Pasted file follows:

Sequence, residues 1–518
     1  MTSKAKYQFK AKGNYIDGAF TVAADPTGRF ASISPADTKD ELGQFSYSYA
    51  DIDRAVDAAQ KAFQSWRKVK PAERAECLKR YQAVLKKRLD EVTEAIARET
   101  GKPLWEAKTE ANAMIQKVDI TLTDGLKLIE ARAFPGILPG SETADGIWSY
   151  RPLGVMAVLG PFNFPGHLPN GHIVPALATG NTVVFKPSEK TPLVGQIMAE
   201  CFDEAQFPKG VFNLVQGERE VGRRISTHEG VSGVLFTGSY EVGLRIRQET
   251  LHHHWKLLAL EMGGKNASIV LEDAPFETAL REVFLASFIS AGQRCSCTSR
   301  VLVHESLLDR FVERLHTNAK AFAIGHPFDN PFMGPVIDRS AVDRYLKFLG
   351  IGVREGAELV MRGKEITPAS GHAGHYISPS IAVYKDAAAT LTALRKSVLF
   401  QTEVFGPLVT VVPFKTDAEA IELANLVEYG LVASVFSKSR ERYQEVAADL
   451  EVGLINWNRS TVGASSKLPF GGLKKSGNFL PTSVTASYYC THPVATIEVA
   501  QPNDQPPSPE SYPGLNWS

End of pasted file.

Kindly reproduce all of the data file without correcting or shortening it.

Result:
Sequence, residues 1–518
     1  MTSKAKYQFK AKGNYIDGAF TVAADPTGRF ASISPADTKD ELGQFSYSYA
    51  DIDRAVDAAQ KAFQSWRKVK PAERAECLKR YQAVLKKRLD EVTEAIARET
   101  GKPLWEAKTE ANAMIQKVDI TLTDGLKLIE ARAFPGILPG SETADGIWSY
   151  RPLGVMAVLG PFNFPGHLPN GHIVPALATG NTVVFKPSEK TPLVGQIMAE
   201  CFDEAQFPKG VFNLVQGERE VGRRISTHEG VSGVLFTGSY EVGLRIRQET
   251  LHHHWKLLAL EMGGKNASIV LEDAPFETAL REVFLASFIS AGQRCSCTSR
   301  VLVHESLLDR FVERLHTNAK AFAIGHPFDN PFMGPVIDRS AVDRYLKFLG
   351  IGVREGAELV MRGKEITPAS GHAGHYISPS IAVYKDAAAT LTALRKSVLF
   401  QTEVFGPLVT VVPFKTDAEA IELANLVEYG LVASVFSKSR ERYQEVAADL
   451  EVGLINWNRS TVGASSKLPF GGLKKSGNFL PTSVTASYYC THPVATIEVA
   501  QPNDQPPSPE SYPGLNWS